Let me just say this: if the beliefs you profess do not make any difference to how you live, you’re kidding yourself, and you’re probably not doing a very good job of kidding everyone else. People act in accordance with their beliefs (whether or not they are honest with themselves about what those beliefs are).

How we act affects ourselves and others. Therefore, it matters what people believe, and nowhere is this more evident than with ISIS. Because of their beliefs about God, and consequently about the nature of right and wrong, they do terrible things to their fellow humans. They are even willing to die in the commission of violence and murder, because they believe God will reward them with seventy virgins in paradise.

Nuns with guns picture joke
Side note: scholarly research has recently suggested that the 72 virgins said to be awaiting Muslim martyrs in paradise (only male martyrs, obviously; opinion is divided over what, if any, paradise there is for Muslim women) are a mistranslation; the original text should be translated as white raisins [warning: linked article is rather explicit in places].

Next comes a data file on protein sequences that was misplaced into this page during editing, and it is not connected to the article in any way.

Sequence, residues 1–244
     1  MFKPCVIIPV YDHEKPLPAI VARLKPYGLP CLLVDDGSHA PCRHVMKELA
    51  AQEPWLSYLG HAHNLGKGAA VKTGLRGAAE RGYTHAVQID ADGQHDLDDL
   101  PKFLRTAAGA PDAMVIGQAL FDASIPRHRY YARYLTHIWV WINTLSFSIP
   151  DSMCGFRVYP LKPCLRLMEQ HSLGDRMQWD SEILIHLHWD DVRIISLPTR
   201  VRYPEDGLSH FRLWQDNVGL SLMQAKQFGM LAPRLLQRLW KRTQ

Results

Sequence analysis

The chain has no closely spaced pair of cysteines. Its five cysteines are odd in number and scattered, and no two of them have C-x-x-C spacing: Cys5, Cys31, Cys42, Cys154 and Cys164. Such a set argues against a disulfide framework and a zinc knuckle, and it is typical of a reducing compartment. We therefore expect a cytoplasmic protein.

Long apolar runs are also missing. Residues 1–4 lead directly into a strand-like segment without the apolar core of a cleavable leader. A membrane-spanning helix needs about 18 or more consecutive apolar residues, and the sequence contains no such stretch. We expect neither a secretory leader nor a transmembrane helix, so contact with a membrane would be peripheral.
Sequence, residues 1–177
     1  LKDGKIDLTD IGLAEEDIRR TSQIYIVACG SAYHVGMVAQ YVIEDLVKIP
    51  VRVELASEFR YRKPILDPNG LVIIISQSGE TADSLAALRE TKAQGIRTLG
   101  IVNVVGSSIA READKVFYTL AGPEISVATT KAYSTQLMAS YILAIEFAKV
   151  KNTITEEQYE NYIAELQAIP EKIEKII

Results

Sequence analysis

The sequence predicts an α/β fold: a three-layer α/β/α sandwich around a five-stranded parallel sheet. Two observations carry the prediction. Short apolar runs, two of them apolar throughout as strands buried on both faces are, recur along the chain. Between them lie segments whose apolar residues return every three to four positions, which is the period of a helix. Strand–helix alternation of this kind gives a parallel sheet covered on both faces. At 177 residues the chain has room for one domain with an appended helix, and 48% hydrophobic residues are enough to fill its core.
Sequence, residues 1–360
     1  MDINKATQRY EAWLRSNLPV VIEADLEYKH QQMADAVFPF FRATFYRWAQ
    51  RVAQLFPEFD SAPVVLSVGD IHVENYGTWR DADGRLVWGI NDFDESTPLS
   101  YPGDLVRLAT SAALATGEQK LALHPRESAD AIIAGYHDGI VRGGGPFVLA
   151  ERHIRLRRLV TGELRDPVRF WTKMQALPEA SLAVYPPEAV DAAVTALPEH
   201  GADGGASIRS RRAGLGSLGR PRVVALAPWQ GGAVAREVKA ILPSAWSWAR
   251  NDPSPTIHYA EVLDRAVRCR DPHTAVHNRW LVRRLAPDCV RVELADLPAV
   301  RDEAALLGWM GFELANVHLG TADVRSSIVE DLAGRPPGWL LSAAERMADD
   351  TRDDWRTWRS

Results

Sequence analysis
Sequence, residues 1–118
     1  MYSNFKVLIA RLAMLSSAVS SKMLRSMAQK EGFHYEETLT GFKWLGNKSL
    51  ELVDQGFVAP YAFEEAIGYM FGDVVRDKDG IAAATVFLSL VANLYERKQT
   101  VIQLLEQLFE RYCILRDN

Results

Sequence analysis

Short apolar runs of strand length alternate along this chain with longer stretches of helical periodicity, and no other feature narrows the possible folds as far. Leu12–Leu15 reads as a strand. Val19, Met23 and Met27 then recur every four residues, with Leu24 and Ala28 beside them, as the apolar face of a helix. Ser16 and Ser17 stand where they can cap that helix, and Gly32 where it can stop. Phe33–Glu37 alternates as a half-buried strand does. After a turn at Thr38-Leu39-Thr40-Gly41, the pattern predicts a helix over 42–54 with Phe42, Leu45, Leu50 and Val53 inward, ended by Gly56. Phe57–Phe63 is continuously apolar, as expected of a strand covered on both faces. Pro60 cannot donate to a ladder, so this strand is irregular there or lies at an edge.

Would the young men putting their lives on the line for ISIS be quite so enthusiastic if their promised reward was a bowlful of raisins – even really, really good raisins? I doubt it. What you believe makes a difference.

People act in accordance with their beliefs, even those beliefs they are not consciously aware of. That is why saying that people should keep their religion private just doesn’t work. In effect, that is saying that people should act in accordance with their religion only insofar as that is undetectable by those around them. (Otherwise they have to act in accordance with – what? Probably the overriding belief system of those around them, whether that be a religion of money, status, or something else entirely.) This seems to be the one area of life where it’s considered okay to do something just so long as you are completely half-assed about it.

Nor does it work to say that we should all just get along with each other and mind our own business. That’s a religion of tolerance, and, as previously mentioned, tolerance doesn’t work as a virtue, let alone a paramount virtue.

What people believe matters. ISIS know this, and that is why they are relentlessly driving out or destroying all those who hold different beliefs to theirs. Because whatever people believe will come through in their lives. You cannot hide what you are. I cannot hide what I am.We Are N